The Long-Dead Native Language Wopânâak is Revived
I wonder how much of this lesson is for my education and how much is for Mae’s. In our mobile age, when success is so often linked to a willingness to move across the country for work or education, a philosophy that preaches staying put is a hard sell. As Mae grows older, she’ll be increasingly exposed to the values of the rest of the nation, and it will be up to her to decide how best to balance the teachings of her parents and the demands of the 21st century.
The three of us reach the crest of a small lookout where the cliffs come into sharp relief against the cloudy sky. Once, clay of every color could be seen in the cliff face, but erosion has dulled it to an earthy, reddish-brown hue. After a heavy storm, trails of color can be seen drifting into the ocean.
Not far from here, beach homes and summer cottages dot scrubby forests. Until the 1960s, the Wampanoag here and in Mashpee had their towns mostly to themselves, running their local governments as extensions of the tribe. But over the past few decades, they’ve become minorities in their own homeland. New developments have blocked off old hunting grounds. And town governments are more often challenging the Wampanoag’s aboriginal right to fish without a license. “We find ourselves in a shrinking territory,” Jason says, “a continually shrinking environment.”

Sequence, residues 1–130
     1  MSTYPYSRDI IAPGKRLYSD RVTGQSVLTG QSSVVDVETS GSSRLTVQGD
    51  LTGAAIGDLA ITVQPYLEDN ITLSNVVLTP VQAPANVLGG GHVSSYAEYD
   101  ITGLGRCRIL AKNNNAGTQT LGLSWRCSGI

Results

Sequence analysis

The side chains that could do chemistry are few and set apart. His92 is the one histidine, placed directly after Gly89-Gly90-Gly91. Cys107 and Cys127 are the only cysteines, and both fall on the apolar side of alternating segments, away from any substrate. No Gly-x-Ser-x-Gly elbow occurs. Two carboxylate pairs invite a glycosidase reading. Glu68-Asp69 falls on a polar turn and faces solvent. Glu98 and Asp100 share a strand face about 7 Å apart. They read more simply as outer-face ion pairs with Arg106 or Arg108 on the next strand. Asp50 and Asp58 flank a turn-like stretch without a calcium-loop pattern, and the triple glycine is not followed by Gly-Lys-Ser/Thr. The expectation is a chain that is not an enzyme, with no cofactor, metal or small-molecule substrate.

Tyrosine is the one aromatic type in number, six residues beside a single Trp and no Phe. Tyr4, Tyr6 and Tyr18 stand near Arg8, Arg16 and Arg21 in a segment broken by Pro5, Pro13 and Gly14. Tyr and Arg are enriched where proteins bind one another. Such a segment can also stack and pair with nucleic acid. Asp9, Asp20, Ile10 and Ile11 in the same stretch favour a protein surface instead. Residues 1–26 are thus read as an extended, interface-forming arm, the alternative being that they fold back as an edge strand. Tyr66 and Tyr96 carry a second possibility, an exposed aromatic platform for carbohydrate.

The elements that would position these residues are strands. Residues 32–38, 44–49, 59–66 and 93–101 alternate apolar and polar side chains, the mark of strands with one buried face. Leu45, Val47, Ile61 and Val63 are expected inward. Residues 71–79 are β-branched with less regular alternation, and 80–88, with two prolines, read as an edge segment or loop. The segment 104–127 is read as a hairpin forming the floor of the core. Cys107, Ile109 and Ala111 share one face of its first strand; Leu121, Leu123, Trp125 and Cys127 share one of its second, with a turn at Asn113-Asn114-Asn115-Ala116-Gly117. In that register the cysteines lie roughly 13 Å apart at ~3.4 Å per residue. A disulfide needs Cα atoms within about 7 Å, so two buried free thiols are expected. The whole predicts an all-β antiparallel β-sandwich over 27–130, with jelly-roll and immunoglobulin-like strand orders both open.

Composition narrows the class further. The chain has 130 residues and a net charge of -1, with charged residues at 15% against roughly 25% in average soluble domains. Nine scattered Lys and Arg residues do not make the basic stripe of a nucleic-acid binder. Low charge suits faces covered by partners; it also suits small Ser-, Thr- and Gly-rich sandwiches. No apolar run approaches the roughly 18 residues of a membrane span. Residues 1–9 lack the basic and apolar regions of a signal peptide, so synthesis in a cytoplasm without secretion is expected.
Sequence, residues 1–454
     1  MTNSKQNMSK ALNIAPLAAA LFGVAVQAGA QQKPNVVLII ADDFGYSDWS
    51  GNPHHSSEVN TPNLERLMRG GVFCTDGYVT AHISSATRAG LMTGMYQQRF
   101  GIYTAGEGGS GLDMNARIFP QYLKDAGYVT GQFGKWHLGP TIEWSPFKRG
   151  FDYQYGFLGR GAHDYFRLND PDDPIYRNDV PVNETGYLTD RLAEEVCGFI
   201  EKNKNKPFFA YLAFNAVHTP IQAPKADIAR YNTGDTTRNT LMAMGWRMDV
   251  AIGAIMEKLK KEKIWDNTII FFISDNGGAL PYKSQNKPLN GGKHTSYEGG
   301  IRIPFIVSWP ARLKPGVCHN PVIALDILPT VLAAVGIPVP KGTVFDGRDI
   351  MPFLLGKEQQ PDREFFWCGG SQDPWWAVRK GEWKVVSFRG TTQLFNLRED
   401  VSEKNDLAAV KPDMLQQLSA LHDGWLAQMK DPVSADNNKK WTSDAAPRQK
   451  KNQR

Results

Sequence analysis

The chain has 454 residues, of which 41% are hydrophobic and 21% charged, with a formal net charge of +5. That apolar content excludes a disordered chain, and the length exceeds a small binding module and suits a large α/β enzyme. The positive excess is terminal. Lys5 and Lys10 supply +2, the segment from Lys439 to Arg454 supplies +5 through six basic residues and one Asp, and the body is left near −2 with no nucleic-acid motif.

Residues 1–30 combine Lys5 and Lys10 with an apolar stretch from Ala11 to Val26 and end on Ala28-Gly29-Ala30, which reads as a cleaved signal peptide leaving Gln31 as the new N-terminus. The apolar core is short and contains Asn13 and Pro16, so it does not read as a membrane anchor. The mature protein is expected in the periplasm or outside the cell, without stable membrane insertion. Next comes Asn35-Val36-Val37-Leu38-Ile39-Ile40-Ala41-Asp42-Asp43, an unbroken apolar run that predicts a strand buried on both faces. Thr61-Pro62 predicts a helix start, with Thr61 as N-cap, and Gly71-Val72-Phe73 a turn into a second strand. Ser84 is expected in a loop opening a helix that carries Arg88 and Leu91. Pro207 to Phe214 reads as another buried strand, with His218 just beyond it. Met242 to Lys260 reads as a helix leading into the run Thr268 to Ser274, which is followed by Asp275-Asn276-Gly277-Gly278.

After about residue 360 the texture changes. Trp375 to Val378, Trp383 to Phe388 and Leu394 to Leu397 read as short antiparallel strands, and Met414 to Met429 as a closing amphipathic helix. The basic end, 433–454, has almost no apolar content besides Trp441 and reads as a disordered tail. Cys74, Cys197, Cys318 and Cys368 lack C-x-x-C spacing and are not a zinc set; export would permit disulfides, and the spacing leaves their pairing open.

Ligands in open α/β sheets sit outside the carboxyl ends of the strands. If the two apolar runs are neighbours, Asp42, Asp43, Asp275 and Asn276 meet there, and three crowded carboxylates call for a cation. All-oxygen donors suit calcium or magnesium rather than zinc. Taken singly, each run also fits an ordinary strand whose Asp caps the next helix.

Aquinnah, “the end of the island”: The Wampanoag have been pushed literally to the edge of the map; the language project is a gentle but powerful push back against the tide. It’s something to rally around, a reminder of all they have to fight for and a declaration that they’re not going anywhere. With every new speaker, the roots of their community grow deeper into the soil that has nourished them through the ages.
Mae’s version of her birth story is somewhat different from her mother’s: “When I was born, people were so excited they set off fireworks, and now they do it every year.” She tells people this every Fourth of July.
If you frequent the ferry to Martha’s Vineyard, odds are you’ve seen her, folded up on a bench playing games on her mother’s iPhone. She’s clever for her age, perhaps a little mischievous, but there’s nothing to suggest that she was born with a destiny.
Jessie and Jason learned early on that they had to let Mae find her own way with the language. After she was born, they’d tried taking a hard-line approach: For the first four months, she wasn’t exposed to English at all. Jessie remembers this as a difficult time. Even with all her training, speaking Wôpan&aˆak 24 hours a day was something of a strain.
“But it wasn’t as big a problem as it was telling our loved ones basically to ‘shut your mouth,'” she says. Friends and family members, even Mae’s own siblings, were informed that if they couldn’t communicate in Wôpan&aˆak, they couldn’t come over. “‘Sorry, if you’re going to use English around her, then you can’t play with her, you can’t talk to her,'” Jessie recalls telling them. “People were really pissed off.”
Gradually Jessie and Jason realized that what they were doing was counterproductive: A birth that was supposed to rally the community around Wopânâak was instead making people resent it. Mae’s parents realized that if the language were to truly return, it couldn’t be forced on anyone.